On a party-line 3-2 vote, the FCC on February 26, 2015, approved new Open Internet (or Net Neutrality) rules, although it has not released the text of its actual ruling. 

Based on an FCC press release and a written statement from each Commissioner, it appears that the final ruling will closely resemble what was in the “Fact Sheet” released by Chairman Wheeler three weeks ago (February 4), and summarized in our earlier advisory. 

Here is what we’ve learned:

Key Points:

  • Broadband as a Title II Telecommunications Service.  Retail broadband Internet access service – wired and wireless – will become a regulated “telecommunications service” under Title II of the Communications Act.  We now know that:
    • The regulations will apply to interconnection and traffic exchange between broadband providers and other networks, including backbone networks, transit providers, and content delivery networks (CDNs), although those other networks will not be regulated. 
    • The FCC will not separately regulate a “service” that broadband providers supposedly provide to edge providers sending information to end users.  (This idea had been proposed as a possible way to justify the new rules.)
  • “Bright Line” Rules.  Broadband providers will face three “bright line” rules and a “general rule of conduct.”  The “bright line” rules are:
    • No blocking access to “legal content, applications, services, or non-harmful devices.”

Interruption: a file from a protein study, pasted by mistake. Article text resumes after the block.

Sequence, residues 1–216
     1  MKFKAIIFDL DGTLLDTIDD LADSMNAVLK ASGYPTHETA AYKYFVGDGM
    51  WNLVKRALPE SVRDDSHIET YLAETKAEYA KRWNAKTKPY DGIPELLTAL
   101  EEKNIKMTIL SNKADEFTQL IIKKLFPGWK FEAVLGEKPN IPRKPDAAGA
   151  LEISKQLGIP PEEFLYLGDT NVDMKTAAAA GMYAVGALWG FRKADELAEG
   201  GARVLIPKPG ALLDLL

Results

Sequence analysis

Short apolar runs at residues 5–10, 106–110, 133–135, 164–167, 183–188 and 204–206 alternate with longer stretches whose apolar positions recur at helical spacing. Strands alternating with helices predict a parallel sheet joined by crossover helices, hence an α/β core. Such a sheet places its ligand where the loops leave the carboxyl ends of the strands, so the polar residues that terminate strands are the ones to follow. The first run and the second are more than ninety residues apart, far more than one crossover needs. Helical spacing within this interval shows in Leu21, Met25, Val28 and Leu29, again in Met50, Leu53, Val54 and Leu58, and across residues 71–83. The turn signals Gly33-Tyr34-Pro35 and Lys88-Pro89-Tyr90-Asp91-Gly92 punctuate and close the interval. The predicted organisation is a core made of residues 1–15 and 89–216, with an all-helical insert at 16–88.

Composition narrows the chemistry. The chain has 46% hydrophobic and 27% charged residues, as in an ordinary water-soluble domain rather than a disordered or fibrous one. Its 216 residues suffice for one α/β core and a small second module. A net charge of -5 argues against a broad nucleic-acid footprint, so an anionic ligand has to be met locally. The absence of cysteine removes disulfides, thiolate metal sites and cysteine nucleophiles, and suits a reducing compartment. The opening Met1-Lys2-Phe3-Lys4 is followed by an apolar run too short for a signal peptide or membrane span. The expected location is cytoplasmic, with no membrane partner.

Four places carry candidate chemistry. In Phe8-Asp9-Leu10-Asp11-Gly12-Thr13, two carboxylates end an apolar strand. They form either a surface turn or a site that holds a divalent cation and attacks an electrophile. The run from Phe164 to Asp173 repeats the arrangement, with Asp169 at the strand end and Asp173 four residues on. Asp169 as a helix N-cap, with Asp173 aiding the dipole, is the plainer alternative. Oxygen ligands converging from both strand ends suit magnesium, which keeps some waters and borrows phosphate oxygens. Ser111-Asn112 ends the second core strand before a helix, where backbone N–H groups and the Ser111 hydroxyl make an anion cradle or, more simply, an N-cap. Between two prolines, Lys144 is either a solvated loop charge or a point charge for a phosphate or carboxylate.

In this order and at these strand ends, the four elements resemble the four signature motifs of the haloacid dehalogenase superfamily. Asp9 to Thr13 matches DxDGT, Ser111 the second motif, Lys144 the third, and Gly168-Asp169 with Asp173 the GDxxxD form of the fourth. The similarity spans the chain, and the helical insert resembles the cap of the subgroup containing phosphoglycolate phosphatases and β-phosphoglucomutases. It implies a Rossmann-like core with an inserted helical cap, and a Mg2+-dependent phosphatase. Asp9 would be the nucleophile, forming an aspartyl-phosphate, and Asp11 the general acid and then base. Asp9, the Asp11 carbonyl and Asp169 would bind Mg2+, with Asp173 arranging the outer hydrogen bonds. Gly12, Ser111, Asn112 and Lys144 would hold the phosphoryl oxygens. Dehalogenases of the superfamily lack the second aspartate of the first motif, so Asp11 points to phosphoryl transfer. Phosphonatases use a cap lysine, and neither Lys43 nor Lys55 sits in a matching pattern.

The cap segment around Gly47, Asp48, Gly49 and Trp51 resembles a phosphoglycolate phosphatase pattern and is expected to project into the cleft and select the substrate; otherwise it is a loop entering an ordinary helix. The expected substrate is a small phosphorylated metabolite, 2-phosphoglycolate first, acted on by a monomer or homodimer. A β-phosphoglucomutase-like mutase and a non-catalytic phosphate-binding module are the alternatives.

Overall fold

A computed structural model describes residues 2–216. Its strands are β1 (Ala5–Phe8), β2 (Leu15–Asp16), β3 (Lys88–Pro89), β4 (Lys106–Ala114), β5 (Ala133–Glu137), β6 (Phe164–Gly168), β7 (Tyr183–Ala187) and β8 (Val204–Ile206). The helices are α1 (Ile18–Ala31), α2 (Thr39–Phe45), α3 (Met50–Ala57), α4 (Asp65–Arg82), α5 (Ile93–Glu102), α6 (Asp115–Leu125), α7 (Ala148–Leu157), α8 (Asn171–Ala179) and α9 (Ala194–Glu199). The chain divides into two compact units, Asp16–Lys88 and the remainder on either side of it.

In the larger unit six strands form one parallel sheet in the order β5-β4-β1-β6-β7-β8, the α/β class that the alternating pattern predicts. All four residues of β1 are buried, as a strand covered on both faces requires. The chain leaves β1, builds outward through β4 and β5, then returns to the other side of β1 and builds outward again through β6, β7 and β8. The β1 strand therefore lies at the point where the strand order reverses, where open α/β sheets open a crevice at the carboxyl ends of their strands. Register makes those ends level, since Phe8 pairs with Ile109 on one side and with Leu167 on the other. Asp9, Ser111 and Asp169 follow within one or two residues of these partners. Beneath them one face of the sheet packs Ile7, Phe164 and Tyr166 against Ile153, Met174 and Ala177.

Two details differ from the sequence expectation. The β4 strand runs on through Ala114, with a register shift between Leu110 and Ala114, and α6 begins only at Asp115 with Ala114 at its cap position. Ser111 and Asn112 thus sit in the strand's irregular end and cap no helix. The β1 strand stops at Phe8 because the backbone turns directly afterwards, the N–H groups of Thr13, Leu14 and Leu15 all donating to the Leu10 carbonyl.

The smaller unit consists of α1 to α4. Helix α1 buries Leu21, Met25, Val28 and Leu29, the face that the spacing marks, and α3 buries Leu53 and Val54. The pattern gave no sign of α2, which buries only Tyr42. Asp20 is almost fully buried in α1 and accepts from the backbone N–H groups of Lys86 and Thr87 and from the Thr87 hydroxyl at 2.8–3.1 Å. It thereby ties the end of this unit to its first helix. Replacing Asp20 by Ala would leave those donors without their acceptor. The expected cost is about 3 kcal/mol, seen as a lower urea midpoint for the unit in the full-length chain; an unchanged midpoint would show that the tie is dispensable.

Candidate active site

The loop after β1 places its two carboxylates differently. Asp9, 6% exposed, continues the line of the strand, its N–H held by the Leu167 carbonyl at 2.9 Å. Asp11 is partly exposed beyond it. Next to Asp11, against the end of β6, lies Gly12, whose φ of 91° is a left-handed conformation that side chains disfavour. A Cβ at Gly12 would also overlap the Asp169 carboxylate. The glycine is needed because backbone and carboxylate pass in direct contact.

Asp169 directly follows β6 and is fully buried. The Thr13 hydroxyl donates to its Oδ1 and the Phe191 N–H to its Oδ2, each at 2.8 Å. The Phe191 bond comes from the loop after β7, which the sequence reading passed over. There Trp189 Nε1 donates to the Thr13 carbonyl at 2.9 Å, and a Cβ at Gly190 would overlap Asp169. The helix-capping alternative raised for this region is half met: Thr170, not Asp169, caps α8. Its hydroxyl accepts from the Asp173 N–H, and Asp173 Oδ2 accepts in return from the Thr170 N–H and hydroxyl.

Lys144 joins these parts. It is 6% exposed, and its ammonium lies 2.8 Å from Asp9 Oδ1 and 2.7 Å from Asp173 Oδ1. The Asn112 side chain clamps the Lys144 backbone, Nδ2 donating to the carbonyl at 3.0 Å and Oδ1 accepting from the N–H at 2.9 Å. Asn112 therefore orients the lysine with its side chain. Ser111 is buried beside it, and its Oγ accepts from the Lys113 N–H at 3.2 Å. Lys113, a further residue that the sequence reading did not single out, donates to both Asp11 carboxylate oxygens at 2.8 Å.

• No throttling, i.e., a broadband provider may not “impair or degrade lawful Internet traffic on the basis of content, applications, services, or non-harmful devices.”
    • No paid prioritization, i.e., a broadband provider “may not favor some lawful Internet traffic over other such traffic in exchange for consideration of any kind[.] This rule also bans ISPs from prioritizing content and services of their affiliates.”
  • Slightly Changed “General Rule.”  The “general rule” of conduct has evolved since the February 4 Fact Sheet: 
    • The Fact Sheet said that broadband providers “cannot harm consumers or edge providers.”
    • The Press Release says that broadband providers may not “‘unreasonably interfere with or unreasonably disadvantage’ the ability of consumers to select, access, and use the lawful content, applications, services, or devices of their choosing; or of edge providers to make lawful content, applications, services, or devices available to consumers.”  The “unreasonably interfere with or unreasonably disadvantage” language likely reflects the FCC’s reliance on Sections 201 and 202 as the legal foundation of its new regulations.
    • It also appears that the FCC will use this “general rule” to evaluate “zero-rated” services (where usage of certain services is not counted against a data cap) and usage-based allowances.
  • No General Exemption for Small or Municipal Providers: It appears that the FCC will apply nearly all of the new rules to all broadband providers, with (except as noted below, regarding transparency) no express exemption for small or municipally-owned networks.  It remains to be seen whether the FCC, in particular cases, will take the scale of a provider’s operations into account in determining whether particular practices are “reasonable.”
  • Transparency/Disclosures:  As the Fact Sheet indicated, broadband providers will have to make disclosures of the terms, conditions, and performance of their services that are more extensive than required under the 2010 rules.  We now know that: 
    • Broadband providers will have to disclose “in a consistent format, promotional rates, fees and surcharges, and data caps.”